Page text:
The slow-motion phosphate wastewater spill occurring at the old Piney Point fertilizer plant in Palmetto will only be solved by removing the source.
I wrote yesterday that the Florida Legislature has a role here since the private company that the state shuttled the problem off to in 2006 seems financially incapable—that’s the official story anyway—and as it turns out an effort had been under way even before the latest chapter of this decades-long saga opened.
A $6 million appropriation request was submitted in early March by State Rep. William Robinson to secure state matching funds—Manatee County will contribute $6 million, too—to come up with a plan to close the gypsum stack and to do something with the hundreds of millions of gallons of polluted water in the complex’s ponds other than dumping it into Tampa Bay to prevent a sewage tsunami.
One option may be deep-well injection, perhaps similar to what has occurred with other acidic wastewater at other industrial facilities in the region. That will certainly raise the cost, but there are few alternatives for dealing with that much polluted water.
As it stands, the amount of water being released on an emergency basis—about 31.5 million gallons a day–totals as much as some of the larger recorded phosphate spills to occur in Florida over the past 50 years.
Despite Gov. Ron DeSantis’ pledge to make HRK Holdings, the current stack owner, responsible, experience has shown that corporations are so well compartmentalized that there are few assets to pursue compared to the cost of the fix. Current and future taxpayers will be footing the bill.
This the latest instance in which the state had to step in to clean up the mess at a gypsum stack after a private company—actually the same private company—declared bankruptcy and bailed.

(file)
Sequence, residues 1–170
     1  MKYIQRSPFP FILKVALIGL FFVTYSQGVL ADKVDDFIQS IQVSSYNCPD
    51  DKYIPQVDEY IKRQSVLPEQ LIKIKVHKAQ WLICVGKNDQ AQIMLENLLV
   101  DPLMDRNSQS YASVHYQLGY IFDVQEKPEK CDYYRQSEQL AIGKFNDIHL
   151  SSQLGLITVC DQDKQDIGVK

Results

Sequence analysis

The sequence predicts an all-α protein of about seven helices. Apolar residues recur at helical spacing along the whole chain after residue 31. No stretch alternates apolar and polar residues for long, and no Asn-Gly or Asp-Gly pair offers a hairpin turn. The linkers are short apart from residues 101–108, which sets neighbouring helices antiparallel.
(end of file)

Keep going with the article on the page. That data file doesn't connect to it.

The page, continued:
That involved the Mulberry Phosphates stack that was the source of a catastrophic acidic water spill during a rainstorm in 1997 that killed almost all plant and animal life in the Alafia River between Mulberry and Riverview.
The current releases will not have quite as dramatic an effect, but it certainly isn’t good news for the bay’s health, The damage will continue for who knows how long. I’ve seen no estimate on just how long the pollution of algae-growing phosphorous and nitrogen releases will continue.
If legislators approve the appropriation request and the polluted water is drained from the pond, the stack then has to be capped with impermeable material to prevent additional water buildup, though the typical estimate for all of the water already in the gypsum could take decades to drain away and would have to be collected and threated and taken somewhere.
The current residents’ grandchildren will probably be paying part of the cleanup costs.
This incident also highlights the recent effort to place more federal regulatory oversight of these waste piles because of their potential effects on the health and safety of residents in surrounding communities.
The Piney Point stack, which sits at the edge of a bay and a busy state major highway and near rural homes and county jail is a good example of why better regulations to prevent catastrophes make sense.